Do you get anxious every time Phil Hughes pitches? Do you suffer depression when he blows the ball by one batter after another and then spoils it all by serving up a home run? Do you get delusional by thinking he will someday fulfill his potential? If you do, you have the Phil Hughes blues.
So what is the cure for this condition? Apart from Hughes leaving the New York Yankees and finding success with a team that has enough outfield space to keep his gopher balls in the park, what is the solution?
Perhaps manager Joe Girardi should move him back to the bullpen. In 2009, Hughes was 8-3 there with an earned run average of 3.03, the lowest of his career. He struck out 96 batters in 86 innings, the best ratio of his career. He set the table very well for Mariano Rivera.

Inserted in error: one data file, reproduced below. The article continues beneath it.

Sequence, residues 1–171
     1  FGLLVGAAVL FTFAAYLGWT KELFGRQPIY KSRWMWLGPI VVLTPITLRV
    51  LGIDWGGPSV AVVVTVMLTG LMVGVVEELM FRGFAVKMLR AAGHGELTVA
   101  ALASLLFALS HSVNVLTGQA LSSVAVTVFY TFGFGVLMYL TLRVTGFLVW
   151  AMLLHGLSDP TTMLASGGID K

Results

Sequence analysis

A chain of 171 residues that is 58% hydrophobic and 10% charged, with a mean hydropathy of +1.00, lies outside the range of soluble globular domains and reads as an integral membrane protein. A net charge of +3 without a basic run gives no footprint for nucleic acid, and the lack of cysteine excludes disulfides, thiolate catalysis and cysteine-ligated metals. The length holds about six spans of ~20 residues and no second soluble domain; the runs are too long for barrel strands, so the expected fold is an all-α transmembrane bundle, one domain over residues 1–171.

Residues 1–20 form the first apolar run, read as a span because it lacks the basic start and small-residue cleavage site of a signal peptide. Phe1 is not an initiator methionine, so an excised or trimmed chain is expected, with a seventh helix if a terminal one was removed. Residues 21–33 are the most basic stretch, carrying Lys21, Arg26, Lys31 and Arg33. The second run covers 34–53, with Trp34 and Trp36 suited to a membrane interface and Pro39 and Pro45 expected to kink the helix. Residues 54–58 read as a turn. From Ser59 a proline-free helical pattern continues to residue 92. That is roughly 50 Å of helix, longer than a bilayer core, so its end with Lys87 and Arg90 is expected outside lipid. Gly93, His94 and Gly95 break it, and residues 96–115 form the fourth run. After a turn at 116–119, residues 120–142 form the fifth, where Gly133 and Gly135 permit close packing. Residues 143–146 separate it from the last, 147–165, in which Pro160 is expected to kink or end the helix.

But the log- jam in the Yankees bullpen is like the line at the ticket window. There just isn’t any room, even if Hughes could adjust quickly to the move back. Besides, as a reliever, he would have an opportunity to blow a game every day, not just every four or five days.
So here is the cure. Don’t pitch him in Yankee Stadium. Better yet, don’t pitch him in any park that has measurements that favor the home run. Hughes has already given up 12 home runs in 58.2 innings in 2013. Last season, he allowed 35 in 191.1 innings.
And forget about comparing him to pitchers who find a way to win despite allowing homers. No disrespect intended, but Hughes is not CC Sabathia. He needs to fix this to win, and he knows it.
With Sabathia, Hiroki Kuroda, Andy Pettitte, David Phelps and the eventual return of Michael Pineda, the Yankees could afford to hold Hughes out in stadiums that favor home runs. If Pineda doesn’t make it back, Vidal Nuno could get the start. To keep him in rhythm, let Hughes pitch a simulated game in the bullpen during his missed starts. Just don’t let him take the mound.
There you have it, the cure for the Phil Hughes blues.